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I do not promote lying in any fashion.....*But, if you slyly find a way to mention to the LEO that you are a Registered Nurse you will get off without a ticket every time.......It's a silent, unmentionable, but understood code between policemen and nurses. The LEO risks his/her life everyday and they know that they never want to look up from the gurney table and gaze into the eyes of the person in charge of saving their life that they just recently issued a life altering ticket to for an inconsequential violation.
I'm sorry, but this kinda pi**es me off.

#1: If you are an officer of the law, you have a duty to uphold it fairly, without bias.

#2: If you are an RN, taking care of me when I am a patient is your duty, and if the care I receive is dependent on me treating you different than I have a duty to, then you shouldn't be an RN, because no one could seriously entrust their well being to you, nor should they.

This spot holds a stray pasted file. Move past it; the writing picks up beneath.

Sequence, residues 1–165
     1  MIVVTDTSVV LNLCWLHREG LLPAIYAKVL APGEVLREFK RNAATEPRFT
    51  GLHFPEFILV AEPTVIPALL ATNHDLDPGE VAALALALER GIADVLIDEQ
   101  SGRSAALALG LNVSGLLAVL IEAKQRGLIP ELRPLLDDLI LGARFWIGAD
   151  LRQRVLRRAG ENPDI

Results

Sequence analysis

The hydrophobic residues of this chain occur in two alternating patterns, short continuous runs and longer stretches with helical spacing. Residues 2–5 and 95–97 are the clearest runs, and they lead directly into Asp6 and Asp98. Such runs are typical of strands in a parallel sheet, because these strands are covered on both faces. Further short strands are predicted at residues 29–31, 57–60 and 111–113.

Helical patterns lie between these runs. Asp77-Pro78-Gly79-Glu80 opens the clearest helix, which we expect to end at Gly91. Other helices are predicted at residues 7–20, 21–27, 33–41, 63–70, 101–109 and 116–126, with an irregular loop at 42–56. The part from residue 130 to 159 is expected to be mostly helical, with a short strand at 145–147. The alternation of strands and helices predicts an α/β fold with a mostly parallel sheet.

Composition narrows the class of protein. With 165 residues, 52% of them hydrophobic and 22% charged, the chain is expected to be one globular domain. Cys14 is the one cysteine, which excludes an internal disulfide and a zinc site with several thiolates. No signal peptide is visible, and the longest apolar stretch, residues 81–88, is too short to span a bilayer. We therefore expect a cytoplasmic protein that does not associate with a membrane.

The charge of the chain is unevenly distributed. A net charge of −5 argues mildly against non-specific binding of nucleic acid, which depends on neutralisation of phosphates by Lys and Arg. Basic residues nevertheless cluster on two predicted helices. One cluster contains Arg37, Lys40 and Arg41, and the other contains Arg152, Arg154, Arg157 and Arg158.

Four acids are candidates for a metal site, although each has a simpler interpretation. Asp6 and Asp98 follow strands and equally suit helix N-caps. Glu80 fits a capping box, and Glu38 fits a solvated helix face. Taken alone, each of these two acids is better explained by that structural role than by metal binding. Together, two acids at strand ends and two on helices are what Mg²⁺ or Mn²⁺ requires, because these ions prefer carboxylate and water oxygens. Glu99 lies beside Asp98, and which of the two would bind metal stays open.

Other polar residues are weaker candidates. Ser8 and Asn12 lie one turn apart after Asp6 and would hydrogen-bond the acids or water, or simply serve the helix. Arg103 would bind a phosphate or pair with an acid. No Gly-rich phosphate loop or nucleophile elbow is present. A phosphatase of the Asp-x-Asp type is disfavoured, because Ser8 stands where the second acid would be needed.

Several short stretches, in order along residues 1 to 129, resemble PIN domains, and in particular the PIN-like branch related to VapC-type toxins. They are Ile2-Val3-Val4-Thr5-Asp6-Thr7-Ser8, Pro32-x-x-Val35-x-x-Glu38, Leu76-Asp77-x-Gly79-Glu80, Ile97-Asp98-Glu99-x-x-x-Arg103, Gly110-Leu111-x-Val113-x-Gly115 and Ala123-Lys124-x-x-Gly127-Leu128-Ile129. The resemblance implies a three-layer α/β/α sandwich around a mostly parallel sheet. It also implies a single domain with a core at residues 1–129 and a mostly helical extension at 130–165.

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Discussion Starter · #15 ·
Well folks, looks like I'm two-for-two. This morning I fought the law, and the law lost again!

Last Thanksgiving, I was coming back from an errand in Tijuana and I may have been going a little too fast in Orange County when a CHP officer pulled me over and cites me for speeding. I didn't get the citation in the mail until January, and I asked for two extensions. I finally showed up at the court in early April and pleaded not guilty, but I had my court trial scheduled for May 20 on account of the Mexico trip.